Weymouth Center: Calling Forth the Ghosts
[Partial view of the Paul Green Room, where I’m staying for 4 weeks]
Even before anyone mentioned the ghosts, it occurred to me that I might have seen one at Weymouth. Mind you, I’ve never seen a ghost before and I’m not sure I believe in them. But as I was moving into the Paul Green Room (my bedroom) Saturday afternoon, a gray reflection darted back and forth across the window. I paused and looked around for anything that could have caused it. Then continued my work. It passed again, just as slowly. I paused again and watched as the reflection pass a few more times.
The next morning, a former writer in residence told me he’d seen the ghost of a young woman who killed herself in this mansion. “She was completely friendly,” he said. “She appeared in my bedroom and was just sort of checking things out.”
On Sunday night, my first time completely alone in the 9,000 square foot mansion, I heard pots and pans clanging erratically in the kitchen beneath my bedroom. That’s them, I immediately thought. That’s the ghosts in the kitchen. Then almost as quickly: Ghosts? I don’t believe in ghosts. I fell asleep without a problem.
By Monday morning, I was talking to them. I opened my bedroom door, stood in the hallway in my pajamas and said rather obstinately: “I know you’re here. I’m here too, and I’m going to be here all month. So we need to meet. And there should be a proper way to do this. And it should not involve giving me a scare.” Then I brushed my teeth and set about my day, hard at work revising stories in the St. Andrews Room.
[The war stories arranged along an antique table in the St. Andrews Room, where I’m completing my final revisions using…yes…trusty old pen and paper, along with oral recitation and lots of pacing.]
Monday afternoon, a historian visited Weymouth and spent the afternoon sorting through some of the estate archives.
“I hope I’m not disturbing your writing,” he said as we passed in the hallway. He had a soft face and a sweet, Southern accent.
“No, not at all,” I said. “In fact, it’s kind of nice to have the company.”
He smiled, the hall lights glinting off his forehead. “You mean other than the ghosts?”
I smiled, too. “Yeah, I’ve been hearing about that.”
“They’re completely friendly,” he said. “There’s a truly lovely one who haunts the fields by Weymouth Woods. And lots of writers who stay here have had experiences in this hallway.” He pointed to the stretch of hallway between the Thomas Wolfe Room and the F. Scott Fitzgerald Room, my room being smack dab in the middle.
[F. Scott Fitzgerald Room, partial view]
That night, I grew brave and turned off almost all the lights in the entire mansion. I waited in the hallways. I looked for reflections, for wafts of light. It wasn’t pitch black because there are numerous windows and lots of lights around the grounds, illumination the hallways and lace curtains. I studied the hanging tapestries and curtains, waiting for ghost-breezes to make them move and sway.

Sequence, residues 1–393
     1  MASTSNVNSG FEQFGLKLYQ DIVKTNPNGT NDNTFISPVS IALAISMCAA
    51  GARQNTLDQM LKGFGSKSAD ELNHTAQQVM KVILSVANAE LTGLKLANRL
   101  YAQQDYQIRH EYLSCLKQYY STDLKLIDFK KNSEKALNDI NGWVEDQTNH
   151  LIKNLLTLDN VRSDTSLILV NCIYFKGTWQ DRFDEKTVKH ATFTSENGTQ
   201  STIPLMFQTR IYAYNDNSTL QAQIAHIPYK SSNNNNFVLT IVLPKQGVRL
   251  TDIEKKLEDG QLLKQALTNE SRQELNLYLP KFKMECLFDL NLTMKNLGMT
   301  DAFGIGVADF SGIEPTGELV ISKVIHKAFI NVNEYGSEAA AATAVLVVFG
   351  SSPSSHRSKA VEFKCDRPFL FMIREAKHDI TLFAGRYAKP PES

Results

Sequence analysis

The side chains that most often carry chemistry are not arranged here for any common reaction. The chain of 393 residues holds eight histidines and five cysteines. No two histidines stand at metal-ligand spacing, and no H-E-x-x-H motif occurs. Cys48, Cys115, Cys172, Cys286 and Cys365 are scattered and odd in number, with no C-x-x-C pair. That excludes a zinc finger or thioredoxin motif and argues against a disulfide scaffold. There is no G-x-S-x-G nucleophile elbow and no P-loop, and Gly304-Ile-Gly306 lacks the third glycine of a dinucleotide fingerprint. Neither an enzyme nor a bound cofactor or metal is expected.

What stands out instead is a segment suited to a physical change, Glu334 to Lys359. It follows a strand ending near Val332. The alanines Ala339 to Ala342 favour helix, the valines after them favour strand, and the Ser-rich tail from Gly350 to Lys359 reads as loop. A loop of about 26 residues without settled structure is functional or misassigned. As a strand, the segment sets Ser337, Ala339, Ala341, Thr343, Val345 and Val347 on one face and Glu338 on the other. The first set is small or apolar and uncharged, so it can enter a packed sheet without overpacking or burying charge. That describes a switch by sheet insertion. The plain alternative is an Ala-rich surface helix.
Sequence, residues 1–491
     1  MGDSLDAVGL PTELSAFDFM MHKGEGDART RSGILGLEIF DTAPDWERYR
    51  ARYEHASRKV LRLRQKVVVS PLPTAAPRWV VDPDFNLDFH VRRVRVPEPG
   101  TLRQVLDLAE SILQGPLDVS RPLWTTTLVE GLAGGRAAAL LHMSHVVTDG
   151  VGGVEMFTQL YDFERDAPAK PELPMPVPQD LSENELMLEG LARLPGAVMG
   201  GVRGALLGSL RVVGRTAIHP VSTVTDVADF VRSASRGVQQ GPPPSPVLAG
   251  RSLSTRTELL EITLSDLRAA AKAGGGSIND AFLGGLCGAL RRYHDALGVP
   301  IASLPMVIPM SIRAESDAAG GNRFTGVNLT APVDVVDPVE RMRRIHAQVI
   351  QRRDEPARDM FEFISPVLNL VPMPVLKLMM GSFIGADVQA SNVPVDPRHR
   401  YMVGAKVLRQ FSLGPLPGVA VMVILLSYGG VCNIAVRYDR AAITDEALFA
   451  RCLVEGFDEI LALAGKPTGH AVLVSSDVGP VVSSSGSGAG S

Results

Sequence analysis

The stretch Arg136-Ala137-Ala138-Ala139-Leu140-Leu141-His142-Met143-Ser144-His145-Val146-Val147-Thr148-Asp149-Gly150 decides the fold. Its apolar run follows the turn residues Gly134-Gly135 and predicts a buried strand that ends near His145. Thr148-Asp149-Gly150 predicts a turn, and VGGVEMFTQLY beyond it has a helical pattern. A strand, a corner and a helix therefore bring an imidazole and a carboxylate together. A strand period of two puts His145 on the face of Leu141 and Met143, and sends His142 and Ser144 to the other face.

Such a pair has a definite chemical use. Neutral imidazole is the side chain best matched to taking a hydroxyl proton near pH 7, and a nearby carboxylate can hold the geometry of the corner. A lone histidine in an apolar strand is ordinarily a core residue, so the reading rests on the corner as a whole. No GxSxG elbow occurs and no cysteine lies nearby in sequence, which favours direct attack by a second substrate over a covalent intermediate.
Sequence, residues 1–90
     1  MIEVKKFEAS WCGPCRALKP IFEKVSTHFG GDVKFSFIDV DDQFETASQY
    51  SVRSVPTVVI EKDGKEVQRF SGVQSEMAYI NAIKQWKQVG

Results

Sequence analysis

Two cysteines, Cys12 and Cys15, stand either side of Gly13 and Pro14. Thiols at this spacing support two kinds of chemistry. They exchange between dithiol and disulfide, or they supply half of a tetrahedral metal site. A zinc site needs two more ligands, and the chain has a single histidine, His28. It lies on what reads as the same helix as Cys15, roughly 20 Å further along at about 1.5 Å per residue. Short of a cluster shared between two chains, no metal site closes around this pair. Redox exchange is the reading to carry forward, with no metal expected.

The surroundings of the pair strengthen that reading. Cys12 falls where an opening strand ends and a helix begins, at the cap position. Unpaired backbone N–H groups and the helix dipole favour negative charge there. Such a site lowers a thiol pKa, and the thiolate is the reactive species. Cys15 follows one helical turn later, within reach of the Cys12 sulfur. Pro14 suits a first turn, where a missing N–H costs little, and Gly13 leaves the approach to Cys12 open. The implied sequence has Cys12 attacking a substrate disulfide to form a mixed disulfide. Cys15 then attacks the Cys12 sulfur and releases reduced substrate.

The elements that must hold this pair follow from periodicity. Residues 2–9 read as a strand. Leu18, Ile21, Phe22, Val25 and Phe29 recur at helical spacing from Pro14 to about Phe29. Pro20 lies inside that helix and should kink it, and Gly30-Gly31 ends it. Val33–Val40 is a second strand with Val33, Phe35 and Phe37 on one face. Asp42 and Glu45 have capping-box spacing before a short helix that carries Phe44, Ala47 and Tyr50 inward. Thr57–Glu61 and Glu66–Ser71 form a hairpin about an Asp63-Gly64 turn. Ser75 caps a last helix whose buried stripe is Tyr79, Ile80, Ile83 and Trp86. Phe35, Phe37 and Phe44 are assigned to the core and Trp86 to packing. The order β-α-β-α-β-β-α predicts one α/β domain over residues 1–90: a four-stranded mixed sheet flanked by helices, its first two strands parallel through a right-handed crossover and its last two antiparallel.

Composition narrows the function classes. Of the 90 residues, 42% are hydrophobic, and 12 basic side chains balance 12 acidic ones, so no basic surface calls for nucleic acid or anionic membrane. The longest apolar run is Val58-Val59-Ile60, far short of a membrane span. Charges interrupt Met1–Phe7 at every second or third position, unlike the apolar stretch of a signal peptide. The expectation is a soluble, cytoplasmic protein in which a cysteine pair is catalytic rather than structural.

“Goodnight,” I called to the ghosts. “Sleep well.” Then I closed my door.
In my dreams, I crawled through the Weymouth Woods army-style, my elbows rubbing raw from the brawny longleaf pinecones. I awoke suddenly, wiping imaginary dirt from my forearms. A woman screamed into the night: “NO!” she shouted. Dogs began to bark. “No, no, no!!!” I rubbed my eyes and checked the clock, 6:15 am. The first rays of dawn had turned the sky a slate-tinted lilac, but by and large it was still dark out. More dogs barked and the woman screamed again, a bit unnerving. “No!” she shouted, clearly from somewhere outside.
I leapt from the bed and scanned the grounds from my windows, but couldn’t see a thing. It sounded as though she was right there, just beneath the balcony. Dogs barked once more and a shrill cry echoed across all of Weymouth: “STOP IT!” she cried out in two, quick syllables; then everything fell silent.
“So. You’re here,” I said to no one, to someone, to everything, to nothing.
This afternoon, I found a display of poetry written by former writers in residence, whose words seem a fitting conclusion for tonight’s post:
A Week at Weymouth by Susan B. Katz
I had thought this place
to be a retreat
the only sounds
perhaps that of
or longleaf pines
letting loose their needles.
What I hadn’t counted on
was the nightly clacking,
the ghost of Jim Boyd
alive at the typewriter.
ducking the downright regular
poems falling from the sky.
Correction to 10/4: “Not all those who wander are lost,” is actually a Tolkein quote. Being a native of the PacNW, I’d assumed the hippy wisdom came from my first encounter with it, Jerry Garcia. I should have known a writer said it first…and a darn good one at that.